What is Photodynamic Therapy?
Photodynamic Therapy is a type of cutting edge laser light treatment being used in a variety of skin disorders. It has been used to treat certain types of skin cancers, including squamous cell carcinoma and basal cell carcinoma. It has also worked effectively to treat acne, psoriasis, and herpes infections, as well as in facial rejuvenation procedures.
How does Photodynamic Therapy work?
Photodynamic Therapy involves an injection or application of a photosensitizing drug in order to elicit a chemical reaction when different bands of light are directed at the treatment site. The drugs cause a chemical reaction with oxygen in the treated area to kill the targeted cells. Some of the most common photosynthesizing agents are Photofrin, Temoporfin, Verteporfin, Methoxsalen, Psoralen, and Talaporfin. Doctors will choose the type of drug, the desired wavelength of light, and the treatment time according to the type of skin damage being treated.
What areas of the body does Photodynamic Therapy treat?
This treatment can be used on the outer skin of the body with pinpoint accuracy. Special booths are available for whole body exposure to the light, and lasers with a one inch circumference are used for smaller areas.
What are the advantages of Photodynamic Therapy over other similar treatments?
Photodynamic Therapy is a noninvasive treatment for skin disorders which requires no hospitalization or lost work time. Doctors can customize the treatment plan for each individual when using Photodynamic Therapy. It also costs less than many other methods of treating these same skin disorders, and the skin cells surrounding the damaged area remain unharmed during Photodynamic Therapy.
Who is a candidate for Photodynamic Therapy?
Healthy adult men and women with skin disorders that react to light therapy are excellent candidates for Photodynamic Therapy. Doctors rarely use this process on children. People with light sensitivity are not good candidates for this procedure, and this treatment should not be considered for those who are pregnant or nursing. People with liver disease or damage should also be carefully screened.
How is Photodynamic Therapy performed?
The doctor will either give a photosynthesizing drug orally, topically, or by injection several hours before exposing the patient to laser diode light. This gives the cells time to absorb the chemical which will begin working once excited by the laser. The light exposure may last for a few seconds or several minutes, depending on the type of treatment.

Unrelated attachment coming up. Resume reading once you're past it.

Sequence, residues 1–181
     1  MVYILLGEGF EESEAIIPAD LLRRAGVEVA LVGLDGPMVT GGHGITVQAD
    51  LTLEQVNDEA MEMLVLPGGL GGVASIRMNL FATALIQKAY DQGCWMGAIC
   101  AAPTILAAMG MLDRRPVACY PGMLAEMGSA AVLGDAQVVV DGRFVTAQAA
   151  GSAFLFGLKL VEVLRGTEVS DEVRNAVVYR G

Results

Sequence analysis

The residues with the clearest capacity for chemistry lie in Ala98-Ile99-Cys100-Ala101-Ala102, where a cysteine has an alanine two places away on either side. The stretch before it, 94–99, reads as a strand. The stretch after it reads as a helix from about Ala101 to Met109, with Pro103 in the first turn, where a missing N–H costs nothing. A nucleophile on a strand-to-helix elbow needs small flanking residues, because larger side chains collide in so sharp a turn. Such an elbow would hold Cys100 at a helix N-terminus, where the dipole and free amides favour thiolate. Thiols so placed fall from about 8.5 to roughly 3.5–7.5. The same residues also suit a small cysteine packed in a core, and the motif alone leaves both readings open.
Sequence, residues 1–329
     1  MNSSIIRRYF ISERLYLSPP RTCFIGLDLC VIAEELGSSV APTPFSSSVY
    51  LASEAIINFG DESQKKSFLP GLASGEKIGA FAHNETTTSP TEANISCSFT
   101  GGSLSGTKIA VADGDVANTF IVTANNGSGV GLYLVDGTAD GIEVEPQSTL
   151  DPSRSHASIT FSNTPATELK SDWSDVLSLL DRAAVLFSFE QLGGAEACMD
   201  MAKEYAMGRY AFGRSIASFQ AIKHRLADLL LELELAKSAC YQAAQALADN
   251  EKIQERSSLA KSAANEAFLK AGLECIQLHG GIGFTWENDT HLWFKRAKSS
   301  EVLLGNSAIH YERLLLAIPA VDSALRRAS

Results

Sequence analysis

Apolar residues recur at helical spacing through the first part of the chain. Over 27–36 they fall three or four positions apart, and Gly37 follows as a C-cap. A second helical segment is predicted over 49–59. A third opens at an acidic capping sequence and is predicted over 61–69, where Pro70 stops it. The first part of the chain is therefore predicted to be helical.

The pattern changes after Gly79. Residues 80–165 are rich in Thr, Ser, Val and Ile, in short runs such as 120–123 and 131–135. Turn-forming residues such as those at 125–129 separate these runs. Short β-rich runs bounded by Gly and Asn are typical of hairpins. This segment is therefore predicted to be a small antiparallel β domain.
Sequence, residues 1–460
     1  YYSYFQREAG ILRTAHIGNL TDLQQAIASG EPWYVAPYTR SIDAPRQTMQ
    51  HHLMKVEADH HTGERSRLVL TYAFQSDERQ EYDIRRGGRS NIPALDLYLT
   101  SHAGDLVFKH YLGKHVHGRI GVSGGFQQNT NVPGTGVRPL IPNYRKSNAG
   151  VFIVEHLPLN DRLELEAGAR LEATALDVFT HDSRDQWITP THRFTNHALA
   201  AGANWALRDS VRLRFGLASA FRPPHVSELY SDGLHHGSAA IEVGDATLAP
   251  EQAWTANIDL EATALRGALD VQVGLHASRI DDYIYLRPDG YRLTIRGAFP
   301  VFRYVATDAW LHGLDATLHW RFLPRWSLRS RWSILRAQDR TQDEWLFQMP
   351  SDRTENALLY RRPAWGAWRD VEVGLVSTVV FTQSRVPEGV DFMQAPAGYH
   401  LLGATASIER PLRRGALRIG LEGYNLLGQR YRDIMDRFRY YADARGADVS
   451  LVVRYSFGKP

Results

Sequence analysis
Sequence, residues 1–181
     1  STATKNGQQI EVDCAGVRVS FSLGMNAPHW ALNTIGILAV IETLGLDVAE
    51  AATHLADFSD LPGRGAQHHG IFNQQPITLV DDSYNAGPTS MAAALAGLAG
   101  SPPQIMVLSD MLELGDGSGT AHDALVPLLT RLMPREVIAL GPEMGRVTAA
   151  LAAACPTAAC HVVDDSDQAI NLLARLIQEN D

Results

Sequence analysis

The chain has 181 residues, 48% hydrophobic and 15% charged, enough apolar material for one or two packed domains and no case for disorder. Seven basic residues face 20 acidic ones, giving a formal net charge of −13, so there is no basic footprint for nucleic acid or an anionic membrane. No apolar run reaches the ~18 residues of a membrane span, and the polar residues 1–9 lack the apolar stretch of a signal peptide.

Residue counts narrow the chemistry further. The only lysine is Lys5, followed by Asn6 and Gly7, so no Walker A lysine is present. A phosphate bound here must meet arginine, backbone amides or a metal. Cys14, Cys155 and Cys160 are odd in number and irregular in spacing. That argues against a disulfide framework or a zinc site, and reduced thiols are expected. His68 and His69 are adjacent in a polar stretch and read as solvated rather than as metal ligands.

What is the recovery like?
The skin will react as if to a sunburn, blistering before beginning to dry up and peel. Most patients experience very little pain during recovery, but this depends on individual pain thresholds. Before a week is over, the treated area will crust over and begin to heal, flaking off as it dries. Within a few weeks, complete healing will take place. Even minute sun exposure can cause a severe reaction in people undergoing Photodynamic Therapy. Patients should stay out of the sun completely for a couple of days. Patients usually return to work within three days.
What will the results be like?
After several treatments spaced about twice monthly, skin disorders will begin to significantly improve. Pores will be minimized, discolorations will be evened out, and the skin tone will be firmer. Light scars from acne and fine lines due to aging will be less noticeable than before. The face will have a brighter, polished look.
What are the risks?
There is always a risk of reaction to the photosynthesizing agent in a few patients. Swelling and burns are very rare, but possible side effects of Photodynamic Therapy. Also, some patients develop light sensitivity of the eyes and skin.
Is Photodynamic Therapy approved for use in the U.S.?
Photodynamic Therapy has been proven ninety percent effective and is approved by the FDA for use in the United States.
Is Photodynamic Therapy covered by insurance companies?
Although Photodynamic Therapy is not covered by insurance companies for aesthetic procedures, it is covered when used for medical conditions.
Disclaimer: This information is intended only as an introduction to this procedure. This information should not be used to determine whether you will have the procedure performed nor does it guarantee results of your elective surgery. Further details regarding surgical standards and procedures should be discussed with your physician.
By SkinCareGuide.com Staff
Updated: November 24, 2009
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